This commencement season, here’s another role model to consider: stepmother
‘Tis the season when advice-givers put on robes and stand at podiums and challenge young people to use their energies and ardor to accomplish something hard. Stretch yourself, go where the need is, see a hurt and heal it. And so on. Here is a vocation that checks all those boxes but probably won’t get touted at commencement: stepmother.
In all fairness, one cannot train for or seek this job as one does others. Still, taking up this role constitutes answering a call, as Dorothy Bass explains in a new book Stepmother: Redeeming a Disdained Vocation. The author speaks from experience. Her testimony may be even more urgent, though, for strangers to the stepfamily experience. She makes plain what may be otherwise invisible to outsiders: Stepmothers’ generosity can offer a model of bridge-building worthy of admiration, even imitation.
The place to start is with the “ugly word.” Bass admits that the title stepmother carries a sting even before its too frequent caricature into “stepmonster.” To be sure, stepfamilies differ, and some show scant trace of the redemption Bass seeks. Stepfamilies of a sort have always been with us, but their greater prevalence now comes from social shifts in the way we couple and raise children. Millions of women in the United States find themselves in this role and millions of others are affected by the way these women inhabit it.
Even in relatively happy situations the stepmother role draws disdain on several counts. Stepparents step into situations where pain precedes them. No blank slate or honeymoon may meet a woman’s newlywed entry into this one. Those involved have reasonable grounds for resentment: fears that children of a first marriage will get Cinderella treatment, or be displaced or disfavored; fears that one set of parents will turn children against the other; fears that there will not be enough to go around—money, space, time, or love. Examples abound of parties behaving badly on all sides.
But grace may abound even more. Though everybody in a stepfamily may struggle, the job description of stepmother probably is hardest, given the expectations and boundaries she must observe. She is to welcome children—but must not overstep as a replacement mom. She must be “on, ready to parent, whenever the child shows up,” Bass notes, but also must “expand and contract on demand the rhythms of her household.” And these same demands are placed on her emotions, too.
Exactly because stepmothers often get posted in the intersection of hurts and needs they have a singular opportunity to transform the whole. Stepmothers are not obligated to do this. Divorce and remarriage can make even well-meaning people feel like there is not enough love to go around. The stepmother’s generosity, though, can loosen the grip of scarcity, the calculations of blame and self-defense that freeze stepfamily relationships. That generosity “might end up adding a little love to the entire system.” Self-giving behavior isn’t easy, Bass acknowledges, and it requires “a degree of unearned and not-strictly-required regard for the good of another (possibly difficult) person.” Again, stepmothers do not have to behave this way. Some may not. But if they can, their willingness—to overlook a slight, to anticipate a hope, to forgive—can exercise a multiplier effect.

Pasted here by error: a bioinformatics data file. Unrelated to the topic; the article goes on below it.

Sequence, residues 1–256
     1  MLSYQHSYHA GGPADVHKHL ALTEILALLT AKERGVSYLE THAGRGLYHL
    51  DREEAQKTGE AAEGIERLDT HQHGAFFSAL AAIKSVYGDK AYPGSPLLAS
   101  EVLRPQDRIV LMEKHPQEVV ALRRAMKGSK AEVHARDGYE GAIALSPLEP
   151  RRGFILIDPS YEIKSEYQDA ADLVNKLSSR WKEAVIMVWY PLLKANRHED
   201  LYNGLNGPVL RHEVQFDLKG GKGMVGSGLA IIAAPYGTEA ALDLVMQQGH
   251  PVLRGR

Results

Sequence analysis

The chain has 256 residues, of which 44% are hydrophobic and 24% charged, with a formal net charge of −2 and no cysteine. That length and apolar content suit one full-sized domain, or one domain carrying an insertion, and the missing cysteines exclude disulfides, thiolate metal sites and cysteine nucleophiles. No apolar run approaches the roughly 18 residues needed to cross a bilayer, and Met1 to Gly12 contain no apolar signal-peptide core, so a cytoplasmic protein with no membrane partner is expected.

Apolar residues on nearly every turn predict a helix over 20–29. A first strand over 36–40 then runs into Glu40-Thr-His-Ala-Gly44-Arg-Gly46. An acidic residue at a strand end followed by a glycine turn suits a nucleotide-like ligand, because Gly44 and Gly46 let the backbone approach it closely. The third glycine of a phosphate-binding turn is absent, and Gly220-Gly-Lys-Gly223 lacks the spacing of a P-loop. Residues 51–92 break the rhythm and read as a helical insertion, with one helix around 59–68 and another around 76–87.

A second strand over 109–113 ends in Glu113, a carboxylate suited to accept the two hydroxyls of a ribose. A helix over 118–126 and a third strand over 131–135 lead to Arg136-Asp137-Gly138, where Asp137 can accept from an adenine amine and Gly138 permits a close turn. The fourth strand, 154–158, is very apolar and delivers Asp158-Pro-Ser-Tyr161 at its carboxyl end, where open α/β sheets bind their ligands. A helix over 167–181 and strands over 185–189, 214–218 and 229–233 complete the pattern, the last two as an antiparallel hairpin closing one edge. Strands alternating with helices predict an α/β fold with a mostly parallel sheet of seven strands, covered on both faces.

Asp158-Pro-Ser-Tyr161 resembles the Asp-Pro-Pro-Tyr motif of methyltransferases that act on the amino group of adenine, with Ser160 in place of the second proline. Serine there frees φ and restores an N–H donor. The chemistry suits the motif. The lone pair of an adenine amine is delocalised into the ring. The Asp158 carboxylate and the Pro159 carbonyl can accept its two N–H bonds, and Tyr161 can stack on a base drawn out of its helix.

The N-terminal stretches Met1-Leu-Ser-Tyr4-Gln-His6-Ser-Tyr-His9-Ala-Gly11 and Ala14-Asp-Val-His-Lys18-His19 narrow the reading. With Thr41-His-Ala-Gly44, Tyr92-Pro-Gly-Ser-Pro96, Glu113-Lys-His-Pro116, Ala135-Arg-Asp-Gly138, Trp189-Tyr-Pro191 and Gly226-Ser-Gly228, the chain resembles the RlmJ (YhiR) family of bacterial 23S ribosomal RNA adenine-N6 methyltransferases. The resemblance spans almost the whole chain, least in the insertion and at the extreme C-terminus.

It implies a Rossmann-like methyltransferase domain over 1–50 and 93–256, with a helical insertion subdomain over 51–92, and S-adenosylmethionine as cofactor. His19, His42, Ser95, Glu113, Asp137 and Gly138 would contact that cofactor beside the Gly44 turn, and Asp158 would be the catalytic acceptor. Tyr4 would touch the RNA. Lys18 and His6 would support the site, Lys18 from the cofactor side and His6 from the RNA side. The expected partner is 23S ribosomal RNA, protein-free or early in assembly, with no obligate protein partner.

Inspecting the mechanics of blended families this closely may be uncomfortable. To those inside them, dredging up the process may feel risky. Those outside might think it nicer simply to accept all kinds of families, turning a polite but blind eye to the breaks that occasioned the blend. Bass resists “divorce happy talk.” It is no use pretending that nothing sad happened. Wounds covered up become infected. Instead, doing both of these hard things, acknowledging pain and acting with mercy, promotes healing. Stepmothers willing to help heal do much more than keep the peace. They can coax love, and good things that take root might bloom.
Bass will give a mile but not an inch: She is surgical in exploring potential griefs and offenses endemic to stepfamily relationships, but her responses to them are creative and capacious. She is eager to cast struggles as half-fulls rather than half-empties. In a vocation asking commitment for the long haul, her wellsprings of hope are deep.
The way Bass redeems the “disdained” vocation could be life-giving for women in that role, offering language to reflect on and appreciate what they already are doing.
For everybody else, this look at stepmothers is just what we need right now. First, seeing the complex, emotionally intricate tasks these women take on might teach us how to make them feel seen. Second, we can heed their example. The call that Bass hears echoes in many other areas of life, too. Stepmothers can demonstrate grace in situations akin to those the rest of us encounter in other places. Many of us might be prone to cry foul and blame others. Right now this impulse predominates, and not just in families but online, in schools, and in politics. If we can admit that we all start in brokenness, and that we ourselves have both needed mercy and received it, we might be able to add a little love to the system—even when such generosity is not strictly required.
Agnes R. Howard teaches in Christ College, the honors college at Valparaiso University, and is author of Showing: What Pregnancy Tells Us about Being Human.